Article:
Tories call Wynne’s pushback against Buy American a ‘last ditch election ploy’

Premier's move backed by federal Liberals, panned by trade analysts.

TORONTO — Ontario’s plan to introduce legislation allowing retaliation against states that adopt Buy American policies is coming under fire from the Opposition, who says it’s nothing but a “last-ditch election ploy” from the governing Liberals.

Vic Fedeli, the Progressive Conservatives’ interim leader, says the Liberals are responsible for the province losing its competitive advantage and their latest plan is just an attempt to deflect the blame.

He says it’s a reckless move, particularly at a critical time in the negotiations for the North American Free Trade Agreement.

Ontario Premier Kathleen Wynne announced Feb. 7 that her cabinet would table a bill that would reduce procurement opportunities for states that adopt Buy American provisions by allowing provincial officials to write regulations targeting individual states.

Wynne, who was in Washington, said the size of each punishment will be proportional to the size of the Buy American exclusion to avoid setting off escalating reprisals.

She said the move was inspired by a recent infrastructure bill from the state of New York.


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The Trudeau Liberals are giving tacit support to Ontario Premier Kathleen Wynne’s plan to introduce legislation that would allow retaliation against US states that adopt Buy American policies.

Trade analysts on both sides of the 49th parallel said Wynne’s plan would only escalate the growing anger towards Canada that seems to be taking hold in the Trump administration as the seventh round of NAFTA talks approaches at month’s end.

They said it undercuts the charm offensive that the federal Liberals have been mounting for months on US lawmakers in Congress, state governors, local officials and business leaders to sell the economic merits of NAFTA, a deal President Donald Trump has repeatedly threatened to tear up.

International Trade Minister Francois-Philippe Champagne said in an interview that Wynne’s decision underscores the need to reduce barriers to trade and make the Canada-US border “as thin as possible.”

“Since the beginning we have been making sure people understand south of the border that a decision on one side would have an impact on both sides of the border,” Champagne said after testifying before the Senate trade committee on Canada’s decision to join a reconstituted Trans-Pacific Partnership – minus the US.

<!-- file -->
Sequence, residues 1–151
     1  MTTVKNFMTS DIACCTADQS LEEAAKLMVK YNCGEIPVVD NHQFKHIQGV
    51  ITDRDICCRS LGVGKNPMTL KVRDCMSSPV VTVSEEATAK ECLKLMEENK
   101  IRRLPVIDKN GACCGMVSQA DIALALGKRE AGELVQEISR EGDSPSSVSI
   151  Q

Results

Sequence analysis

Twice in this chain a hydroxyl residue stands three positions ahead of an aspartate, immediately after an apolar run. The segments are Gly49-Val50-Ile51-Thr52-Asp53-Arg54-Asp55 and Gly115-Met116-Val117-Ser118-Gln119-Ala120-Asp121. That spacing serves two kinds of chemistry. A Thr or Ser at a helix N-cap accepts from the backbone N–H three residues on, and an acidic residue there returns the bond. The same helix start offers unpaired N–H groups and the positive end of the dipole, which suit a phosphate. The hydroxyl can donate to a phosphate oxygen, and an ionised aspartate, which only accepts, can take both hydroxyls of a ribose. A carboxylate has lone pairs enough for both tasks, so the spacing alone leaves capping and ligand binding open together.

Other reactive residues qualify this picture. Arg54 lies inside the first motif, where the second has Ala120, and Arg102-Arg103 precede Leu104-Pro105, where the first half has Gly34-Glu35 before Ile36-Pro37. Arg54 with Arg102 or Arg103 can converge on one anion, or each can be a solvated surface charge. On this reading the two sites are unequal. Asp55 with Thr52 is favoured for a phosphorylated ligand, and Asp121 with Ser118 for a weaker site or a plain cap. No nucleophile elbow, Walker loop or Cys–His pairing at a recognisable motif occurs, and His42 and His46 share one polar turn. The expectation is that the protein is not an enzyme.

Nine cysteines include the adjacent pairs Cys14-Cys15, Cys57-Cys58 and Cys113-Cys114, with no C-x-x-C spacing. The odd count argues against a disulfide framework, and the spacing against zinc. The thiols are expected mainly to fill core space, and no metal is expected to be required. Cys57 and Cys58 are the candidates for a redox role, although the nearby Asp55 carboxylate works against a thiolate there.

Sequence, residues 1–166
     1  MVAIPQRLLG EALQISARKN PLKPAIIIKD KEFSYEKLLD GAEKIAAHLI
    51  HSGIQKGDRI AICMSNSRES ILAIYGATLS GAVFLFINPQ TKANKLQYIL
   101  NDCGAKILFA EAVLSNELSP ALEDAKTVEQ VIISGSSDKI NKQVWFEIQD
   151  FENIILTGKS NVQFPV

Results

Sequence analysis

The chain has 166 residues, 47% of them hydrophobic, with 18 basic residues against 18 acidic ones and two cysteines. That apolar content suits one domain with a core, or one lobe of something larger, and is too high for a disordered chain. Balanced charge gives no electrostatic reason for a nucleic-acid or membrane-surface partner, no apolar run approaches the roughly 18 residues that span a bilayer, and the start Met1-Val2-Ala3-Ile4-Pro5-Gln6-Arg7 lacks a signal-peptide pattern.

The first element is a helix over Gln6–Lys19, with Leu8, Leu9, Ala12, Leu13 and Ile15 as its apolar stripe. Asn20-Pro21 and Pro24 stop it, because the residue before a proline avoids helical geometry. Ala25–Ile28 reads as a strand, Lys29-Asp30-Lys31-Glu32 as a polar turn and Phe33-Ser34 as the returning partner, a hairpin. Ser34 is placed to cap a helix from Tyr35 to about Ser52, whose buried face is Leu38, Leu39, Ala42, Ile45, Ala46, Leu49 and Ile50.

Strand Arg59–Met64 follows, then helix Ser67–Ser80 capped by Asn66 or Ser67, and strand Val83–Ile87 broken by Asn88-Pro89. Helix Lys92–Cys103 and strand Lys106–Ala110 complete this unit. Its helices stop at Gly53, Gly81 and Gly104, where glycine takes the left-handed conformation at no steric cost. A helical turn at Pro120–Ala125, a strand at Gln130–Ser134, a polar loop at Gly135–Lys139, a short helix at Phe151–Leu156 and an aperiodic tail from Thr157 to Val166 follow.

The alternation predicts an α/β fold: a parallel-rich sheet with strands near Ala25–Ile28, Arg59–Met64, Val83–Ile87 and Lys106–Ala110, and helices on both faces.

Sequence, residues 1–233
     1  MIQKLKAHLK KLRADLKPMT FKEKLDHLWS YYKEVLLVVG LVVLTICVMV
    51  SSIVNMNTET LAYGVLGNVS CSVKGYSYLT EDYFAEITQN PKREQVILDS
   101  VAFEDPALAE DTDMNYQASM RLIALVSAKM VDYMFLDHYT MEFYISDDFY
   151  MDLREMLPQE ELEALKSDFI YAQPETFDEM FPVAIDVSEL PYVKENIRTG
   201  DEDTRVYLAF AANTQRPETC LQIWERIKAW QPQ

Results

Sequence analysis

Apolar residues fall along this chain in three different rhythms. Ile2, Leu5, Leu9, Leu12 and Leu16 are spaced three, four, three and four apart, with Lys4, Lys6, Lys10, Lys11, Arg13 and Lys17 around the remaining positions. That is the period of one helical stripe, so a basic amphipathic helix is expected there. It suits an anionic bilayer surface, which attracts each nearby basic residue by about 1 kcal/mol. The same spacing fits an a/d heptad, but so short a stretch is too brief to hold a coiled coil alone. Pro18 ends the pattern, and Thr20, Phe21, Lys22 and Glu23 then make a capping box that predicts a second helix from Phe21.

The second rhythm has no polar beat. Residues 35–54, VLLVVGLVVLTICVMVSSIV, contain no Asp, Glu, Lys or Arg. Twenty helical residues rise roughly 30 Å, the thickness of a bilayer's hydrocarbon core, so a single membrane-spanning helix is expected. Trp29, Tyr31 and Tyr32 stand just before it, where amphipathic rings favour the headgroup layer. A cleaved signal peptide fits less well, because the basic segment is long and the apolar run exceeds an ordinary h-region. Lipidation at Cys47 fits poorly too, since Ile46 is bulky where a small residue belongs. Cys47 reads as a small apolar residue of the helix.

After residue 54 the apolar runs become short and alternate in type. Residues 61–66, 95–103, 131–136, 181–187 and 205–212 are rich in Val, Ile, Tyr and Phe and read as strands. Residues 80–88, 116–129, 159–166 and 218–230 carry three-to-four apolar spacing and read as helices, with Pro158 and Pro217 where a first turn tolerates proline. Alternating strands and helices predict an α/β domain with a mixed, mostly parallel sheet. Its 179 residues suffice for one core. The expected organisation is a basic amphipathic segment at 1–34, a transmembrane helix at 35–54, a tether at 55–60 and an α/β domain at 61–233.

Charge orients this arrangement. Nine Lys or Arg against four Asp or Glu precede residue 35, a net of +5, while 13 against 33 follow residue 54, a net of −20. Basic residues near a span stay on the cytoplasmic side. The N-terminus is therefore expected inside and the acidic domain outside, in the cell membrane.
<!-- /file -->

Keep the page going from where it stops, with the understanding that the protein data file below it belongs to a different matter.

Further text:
“So I think any initiatives that reinforce the point that a decision on one side of the border would have consequences on both sides is sending a message that we need to work this out together.”

A spokesman for Foreign Affairs Minister Chrystia Freeland, the minister overseeing NAFTA, demurred when asked whether the government found Wynne’s decision helpful, instead reiterating Canada’s criticism of Buy America provisions.

“The US-Canada economic partnership is grounded in shared security and prosperity, is balanced and fair, and supports good-paying jobs in both countries. Expansion of Buy America provisions puts these mutual benefits at risk,” said spokesman John Babcock.

“Local content requirements negatively affect our cross-border supply chains, put jobs in Canada and the US at risk, distort investment, and result in higher prices and fewer funded projects.”

Wynne’s decision was panned by Canadian and American trade experts.

Whoever is advising the government to take a tough stand with the US is making a big mistake by underestimating the Trump administration, said Dan Ujczo, a trade lawyer at Dickinson Wright who has worked with both the Canadian and American governments.

“At the federal and provincial levels, it’s great Canadian politics to take on President Trump, but I don’t think it’s necessarily constructive or the type of creative solution that we need right now,” said Ujczo.

The Buy America problem could be solved at the state and provincial level with an agreement to open up each other’s markets for reciprocal access. Such a deal could unite Ontario, Quebec and the eight US Great Lakes states, he said.

“It would be a much better use of Premier Wynne’s time to be setting up those reciprocal relationships with states and provinces as opposed to finger-wagging for electoral politics.”

Cyndee Todgham Cherniak, trade lawyer at LexSage in Toronto, said Wynne’s move is ill-conceived because Ontario is far more protectionist than New York State on procurement. She said Canada should pursue the issue in the World Trade Organization.

”Why not criticize them there – as opposed to starting a trade war Canada can’t win?”


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